News | October 31, 2011

Biotronik Opens Wireless Pacemaker Monitoring Services Center in China

October 31, 2011 — On Oct. 18, 2011, the TICH-BIOTRONIC Pacemaker Wireless Monitoring Services Centre was co-founded in China’s Tianjin Economic-Technological Development Area (TEDA) by TEDA International Cardiovascular Hospital (TICH) of Tianjin and Biotronik (Beijing) SE & Co. KG of Germany.

This center is the first institution in China to engage the professional medical staff for the online monitoring. The center will monitor implanted pacemakers, implantable cardioverter defibrillators (ICDs) and cardiac resynchronization therapy defibrillators (CRTDs).

TICH is a major modern Triple-A specialized cardiovascular hospital integrating medical treatment, teaching, research and healthcare. In June 2009, the hospital obtained the accreditation of the American International Hospital Standard (JCI). With the complete system for clinical cardiovascular disease treatment, the overall technology level of TICH is now at the domestic advanced level.

In 2005, TICH succeeded in performing the first CRTD implantation in Tianjin for an 80-year-old patient with malignant ventricular arrhythmias combined with severe heart failure. In 2008, the volume of ICD implants in TICH ranked first among domestic hospitals.

At present, there are approximately 40,000-50,000 heart disease patients in China in need of pacing device implantation; of that number, more than 3,000 need CRTDs and ICDs. In the past, after implantation, the patients had to go to the hospital for follow-up examination every three to six months. But when problems arise, especially those without clinical symptoms, it will put the patients in serious risk if the problems cannot be solved.

The pacemakers produced by Biotronik also perform data collection and transmission and apply home monitoring, a postoperative follow-up management technology. Not only will patients have the pacemaker implantation, they will also be provided with a terminal similar to the cell phone. This will send data collected by the implanted pacemaker to the wireless monitoring service center in TICH through the GSM network. The medical staff can monitor the data and analyze the operating situation of the implanted pacing devices.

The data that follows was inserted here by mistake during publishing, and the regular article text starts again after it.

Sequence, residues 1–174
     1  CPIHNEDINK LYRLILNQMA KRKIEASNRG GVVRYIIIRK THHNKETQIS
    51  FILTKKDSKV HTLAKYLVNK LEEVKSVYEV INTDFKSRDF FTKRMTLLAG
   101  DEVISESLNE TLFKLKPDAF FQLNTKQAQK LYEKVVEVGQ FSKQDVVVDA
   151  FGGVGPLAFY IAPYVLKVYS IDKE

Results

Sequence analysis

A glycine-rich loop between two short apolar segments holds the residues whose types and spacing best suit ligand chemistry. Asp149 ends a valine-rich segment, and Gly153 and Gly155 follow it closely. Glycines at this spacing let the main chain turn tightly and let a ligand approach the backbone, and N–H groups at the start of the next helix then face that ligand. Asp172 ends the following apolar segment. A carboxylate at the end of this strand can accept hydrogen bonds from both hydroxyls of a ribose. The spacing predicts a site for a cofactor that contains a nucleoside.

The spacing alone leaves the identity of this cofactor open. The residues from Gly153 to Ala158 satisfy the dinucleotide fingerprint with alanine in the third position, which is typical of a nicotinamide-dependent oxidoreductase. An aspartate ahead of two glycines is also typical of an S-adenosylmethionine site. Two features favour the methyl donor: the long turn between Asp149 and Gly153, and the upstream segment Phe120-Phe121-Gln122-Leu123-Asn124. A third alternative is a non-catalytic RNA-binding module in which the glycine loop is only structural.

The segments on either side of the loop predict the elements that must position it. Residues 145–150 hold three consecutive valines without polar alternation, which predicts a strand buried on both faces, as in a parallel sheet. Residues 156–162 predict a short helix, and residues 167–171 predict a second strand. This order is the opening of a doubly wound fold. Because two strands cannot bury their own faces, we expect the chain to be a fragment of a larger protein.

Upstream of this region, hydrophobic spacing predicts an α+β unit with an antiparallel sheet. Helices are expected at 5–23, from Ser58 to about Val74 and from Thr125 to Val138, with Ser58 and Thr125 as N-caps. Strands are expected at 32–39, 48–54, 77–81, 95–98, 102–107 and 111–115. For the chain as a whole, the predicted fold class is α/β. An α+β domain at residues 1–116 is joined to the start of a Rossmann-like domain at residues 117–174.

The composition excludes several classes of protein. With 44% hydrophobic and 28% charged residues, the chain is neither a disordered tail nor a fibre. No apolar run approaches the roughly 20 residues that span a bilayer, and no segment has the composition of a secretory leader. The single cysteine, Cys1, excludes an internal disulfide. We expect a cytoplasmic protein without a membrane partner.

Once there is any problem, doctors at the hospital where the pacemaker is implanted can be notified; they can then follow up to minimize danger.

The new facility means patients do not need to pay frequent visits to hospitals, which should be a great relief for the non-local patients, while doctors will spend less time on house calls. Furthermore, medical resources can be allocated to the more needy patients.

In addition, the radiation of the monitoring terminal is the same as that of cell phones, entirely within safety limits. Wherever the patients go in the world, the center can always monitor them as long as there is a cell phone network; all patients need to do is keep the terminal on.

For more information:

Related Content

Artificial Intelligence Can Improve Emergency X-ray Identification of Pacemakers
News | Pacemakers | March 29, 2019
A research team from Imperial College London believes a new software could speed up the diagnosis and treatment of...
Medtronic Recalls Dual Chamber Pacemakers
News | Pacemakers | February 20, 2019
Medtronic is recalling its dual chamber implantable pulse generators (IPGs) due to the possibility of a software error...
CHLA/USC Team Designs Novel Micropacemaker

Model of the human heart with microprocessor located in the pericardial sac and attached to the left ventricle. Graphic courtesy of Business Wire.

News | Pacemakers | June 29, 2018
Investigators at Children's Hospital Los Angeles (CHLA) and the University of Southern California (USC) have...
Permanent Pacing Effective for Older Patients With Syncope and Bifascicular Block
News | Pacemakers | May 24, 2018
Syncope with bifascicular block may be caused by intermittent complete heart block, but competing diagnoses may coexist...
Novel Mechanical Sensor in Medtronic Micra Transcatheter Pacing System Detects Atrial Contractions, Restores AV Synchrony
News | Pacemakers | May 24, 2018
New clinical study results demonstrate that an investigational algorithm, utilizing the accelerometer signal in the...
The Boston Scientific Essentio MRI-safe pacemaker.

The Boston Scientific Essentio MRI-safe pacemaker. It is common for pacemaker patients to need magnetic resonance imaging (MRI), which has not previously been possible because the magnetic fields could damage older devices. All pacemaker vendors now have FDA-cleared MRI compatible pacemakers. 

Feature | Pacemakers | February 13, 2018 | Dave Fornell
There have been several advancements in pacemaker technologies over the past few years.
Mexican Doctors Safely Reuse Donated Pacemakers After Sterilization

Mexican government reports conclude more than half of the population does not have access to social security or private insurance that covers a pacemaker implant, and 44 percent live in poverty. Recycling donated, explanted pacemakers offers a new option for these patients.

News | Pacemakers | November 10, 2017
Mexican doctors have safely reused donated pacemakers after sterilization, shows a study presented at the 30th Mexican...
Pacemakers and Other Cardiac Devices Can Help Solve Forensic Cases
News | Pacemakers | June 20, 2017
Pacemakers and other cardiac devices can help solve forensic cases, according to a study presented at the European...
Videos | Pacemakers | May 23, 2017
Vivek Reddy, M.D., director of cardiac arrhythmia services and professor of medicine, cardiology, Mount Sinai Hospita
micra leadless pacemaker
Feature | Pacemakers | May 16, 2017
May 16, 2017 - The preliminary results for the Medtronic Micra Transcatheter Pacing System (TPS) Post-Approval Regist
Overlay Init